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Cape Cod in September 2019


November 29, 2019

My friend Lynda invited me to visit her in Falmouth, Massachusetts, this September. We are both photographers, and she took me places where we could enjoy nature with our cameras. All but the last photograph in this post—which I took in Woods Hole—are from Falmouth and environs.

Update of December 4, 2019

A niece of a friend found the lichens shown in #18 on the Bigelow Building at 98 Water Street, just around the corner from the Aquarium. (I had not taken the time to note the exact location.) “Bigelow,” my friend says, “was constructed in 1930, the first building erected for the Woods Hole Oceanographic Institution that was established in the same year. There are older brick buildings (and walls and gravestones) in Woods Hole but the north side of Bigelow may be particularly favorable for growth because north walls do not receive direct sunlight nor most of the prevailing winds, which would dry them out.”

You may think you’ve seen this photo before. I just love the look of light at the end of a tunnel and have taken many similar photographs.

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3 There are so many varieties of goldenrod. I don’t know which one this is, but it was growing in a wooded area.

4 This is another kind of goldenrod, punctuated by iron weed.

5 My resident botanist says this is a composite he’s not familiar with. He says it doesn’t grow in Ohio. (I thought it looked just like one of our Ohio wildflowers.)

6 Until I saw them growing wild on Cape Cod, I’d only ever seen porcelain berries as cultivated nursery plants.

7 These wild rose hips were the size of small apples. The wild rose hips I’ve seen in northern Ohio are no bigger than the size of peas.

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11 These rocks are remnants of an old wall.

12 Here’s a new rock wall.

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15 This and the rocks in the following photographs were beside the park trail, not part of a wall.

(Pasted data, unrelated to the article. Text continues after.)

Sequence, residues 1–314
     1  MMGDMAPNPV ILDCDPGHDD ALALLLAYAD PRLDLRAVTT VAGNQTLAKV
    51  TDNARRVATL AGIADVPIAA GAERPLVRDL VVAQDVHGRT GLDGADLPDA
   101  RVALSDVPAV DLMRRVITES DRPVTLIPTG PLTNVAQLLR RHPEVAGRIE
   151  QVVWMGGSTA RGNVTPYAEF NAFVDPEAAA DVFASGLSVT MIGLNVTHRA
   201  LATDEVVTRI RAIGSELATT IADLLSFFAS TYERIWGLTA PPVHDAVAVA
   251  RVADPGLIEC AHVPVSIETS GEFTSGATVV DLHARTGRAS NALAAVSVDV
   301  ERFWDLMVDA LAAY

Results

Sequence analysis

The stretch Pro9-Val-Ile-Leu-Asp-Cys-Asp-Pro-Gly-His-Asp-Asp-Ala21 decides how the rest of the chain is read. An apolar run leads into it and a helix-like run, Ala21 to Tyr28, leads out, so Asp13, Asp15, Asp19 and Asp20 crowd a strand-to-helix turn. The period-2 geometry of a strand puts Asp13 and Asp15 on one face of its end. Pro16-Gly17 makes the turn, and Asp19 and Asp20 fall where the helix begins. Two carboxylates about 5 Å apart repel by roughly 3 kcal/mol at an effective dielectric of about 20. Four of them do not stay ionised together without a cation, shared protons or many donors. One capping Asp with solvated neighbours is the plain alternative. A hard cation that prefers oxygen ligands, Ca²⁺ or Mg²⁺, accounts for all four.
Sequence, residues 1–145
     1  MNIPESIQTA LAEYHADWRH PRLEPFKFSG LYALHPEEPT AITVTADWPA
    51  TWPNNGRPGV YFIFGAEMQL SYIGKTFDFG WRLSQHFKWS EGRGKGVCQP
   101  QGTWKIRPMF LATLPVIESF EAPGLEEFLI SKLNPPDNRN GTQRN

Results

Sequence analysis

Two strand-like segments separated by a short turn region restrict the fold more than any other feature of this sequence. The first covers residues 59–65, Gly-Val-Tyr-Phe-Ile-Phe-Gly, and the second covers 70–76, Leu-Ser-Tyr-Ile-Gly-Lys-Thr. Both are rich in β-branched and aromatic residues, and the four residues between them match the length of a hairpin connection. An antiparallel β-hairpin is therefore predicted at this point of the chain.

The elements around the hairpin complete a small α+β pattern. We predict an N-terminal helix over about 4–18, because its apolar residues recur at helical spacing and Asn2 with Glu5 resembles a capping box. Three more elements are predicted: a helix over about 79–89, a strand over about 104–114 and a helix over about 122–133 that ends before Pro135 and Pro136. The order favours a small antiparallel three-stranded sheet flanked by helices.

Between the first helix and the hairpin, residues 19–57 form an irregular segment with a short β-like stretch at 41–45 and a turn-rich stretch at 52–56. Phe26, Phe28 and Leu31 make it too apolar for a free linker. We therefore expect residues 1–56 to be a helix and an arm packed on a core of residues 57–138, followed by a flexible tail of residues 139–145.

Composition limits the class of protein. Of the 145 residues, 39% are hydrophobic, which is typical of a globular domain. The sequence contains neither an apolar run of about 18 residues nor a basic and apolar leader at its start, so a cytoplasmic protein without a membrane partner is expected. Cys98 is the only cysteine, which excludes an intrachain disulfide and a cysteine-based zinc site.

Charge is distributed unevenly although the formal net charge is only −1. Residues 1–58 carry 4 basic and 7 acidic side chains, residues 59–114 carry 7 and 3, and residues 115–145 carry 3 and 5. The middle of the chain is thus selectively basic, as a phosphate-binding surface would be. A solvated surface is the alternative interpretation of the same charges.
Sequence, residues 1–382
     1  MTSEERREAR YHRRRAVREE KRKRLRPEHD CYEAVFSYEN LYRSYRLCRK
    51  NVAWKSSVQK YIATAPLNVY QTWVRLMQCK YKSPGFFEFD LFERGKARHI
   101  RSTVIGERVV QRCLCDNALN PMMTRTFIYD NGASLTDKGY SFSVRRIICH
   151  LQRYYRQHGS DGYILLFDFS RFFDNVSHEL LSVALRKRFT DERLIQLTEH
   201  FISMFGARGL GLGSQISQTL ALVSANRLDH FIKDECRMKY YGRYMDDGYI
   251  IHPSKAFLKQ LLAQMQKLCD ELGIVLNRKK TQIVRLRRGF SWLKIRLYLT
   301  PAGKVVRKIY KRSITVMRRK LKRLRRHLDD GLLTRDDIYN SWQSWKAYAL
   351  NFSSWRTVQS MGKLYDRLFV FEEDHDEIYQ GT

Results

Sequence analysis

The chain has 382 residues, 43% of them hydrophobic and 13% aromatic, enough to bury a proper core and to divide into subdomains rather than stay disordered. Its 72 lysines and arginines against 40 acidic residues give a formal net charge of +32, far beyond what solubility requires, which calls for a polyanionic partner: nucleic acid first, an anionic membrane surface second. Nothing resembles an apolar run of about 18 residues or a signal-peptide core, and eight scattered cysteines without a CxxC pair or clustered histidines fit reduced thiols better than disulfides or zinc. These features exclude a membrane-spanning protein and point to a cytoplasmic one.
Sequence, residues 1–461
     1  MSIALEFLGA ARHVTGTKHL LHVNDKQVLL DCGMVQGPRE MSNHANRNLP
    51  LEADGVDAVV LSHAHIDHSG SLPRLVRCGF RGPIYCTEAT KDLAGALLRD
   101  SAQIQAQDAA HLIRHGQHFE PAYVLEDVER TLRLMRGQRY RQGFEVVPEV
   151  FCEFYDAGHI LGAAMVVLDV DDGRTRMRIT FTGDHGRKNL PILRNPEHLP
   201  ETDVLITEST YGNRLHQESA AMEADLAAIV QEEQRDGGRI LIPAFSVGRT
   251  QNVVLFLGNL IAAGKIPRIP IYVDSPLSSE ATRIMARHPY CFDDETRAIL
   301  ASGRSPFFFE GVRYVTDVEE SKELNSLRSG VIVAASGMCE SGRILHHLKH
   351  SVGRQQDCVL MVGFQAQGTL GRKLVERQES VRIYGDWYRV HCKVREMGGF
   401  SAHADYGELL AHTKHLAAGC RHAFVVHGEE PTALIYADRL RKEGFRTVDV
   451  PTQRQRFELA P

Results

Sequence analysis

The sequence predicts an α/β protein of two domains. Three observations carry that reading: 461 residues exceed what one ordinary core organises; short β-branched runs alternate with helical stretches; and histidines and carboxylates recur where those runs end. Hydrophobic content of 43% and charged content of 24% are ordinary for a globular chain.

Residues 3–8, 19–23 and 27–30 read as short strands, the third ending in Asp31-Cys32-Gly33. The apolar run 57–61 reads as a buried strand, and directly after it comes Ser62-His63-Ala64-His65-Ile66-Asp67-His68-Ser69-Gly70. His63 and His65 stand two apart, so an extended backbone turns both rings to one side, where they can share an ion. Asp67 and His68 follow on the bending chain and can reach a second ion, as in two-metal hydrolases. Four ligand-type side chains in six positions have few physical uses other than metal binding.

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18 As other photos in this post also show, lichens like Cape Cod.

Walking Downriver in September—3


November 19, 2019

Yes I always look for Leptothrix discophora when I’m at the river (see Sunday’s post), and yes our destination was the waterfall (see Monday’s post). But along the way many other things caught my eye. Here is a sampling. You’ll notice that I have a thing for rocks.

1 I don’t know what made those yellow-ish marks on the riverbed. Maybe it’s where mudstone is showing through algae that was scuffed up by a crayfish. Except that mudstone is grey—at least all the mudstone I’ve seen is.

2 I love seeing plants growing on other plants—even on dead ones. Logs that harbor other growth are called nurse logs. Isn’t that cool?

3 Many cliffs along the Vermilion River show where the earth has been formed or deformed over the eons—layers bent or upended. The white stripes are limestone layers in the shale that hold broken stalks of crinoid fossils.

The shale shore fractures in such interesting shapes. You’d think this is poured cement.

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6 We have glacial erratics all over Ohio. They are especially visible in and along river beds.

7 Along one section of the river, rocks were patterned with white lichens. At least I think these are lichens.

8 This plant, bedded down in the moss covering a rock, will have a short life. But what a pretty one.

Walking Downriver in September—2


November 18, 2019

This post—a continuation of yesterday’s—is about the waterfall David and I visit when we walk downriver in northern Ohio’s Vermilion River, which we do most Septembers.

Update of November 22, 2019: In the Comments section, Steve Gingold asked if I’d thought of stitching together photographs 6 and 7. Look below photograph 7 to see how that worked.

This photograph is from August 2006. I had heard about a waterfall not far from Schoepfle Garden that could be accessed from the river. Here is my first view of it. As pretty as this small waterfall was, I was a little disappointed.

2 David thought there might be more, so he clambered up the cliff to have a look.

3 This year, when I saw the base of the cliff, I was not disappointed because I knew what was coming.

4 I could happily linger here.

5 This was our destination. From the top of the cliff to the pool, the water falls about 20 feet. It’s not spectacular as waterfalls go, but it counts as a real waterfall to me.

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6 and 7 stitched together in Photoshop, per Steve Gingold’s suggestion. It almost works.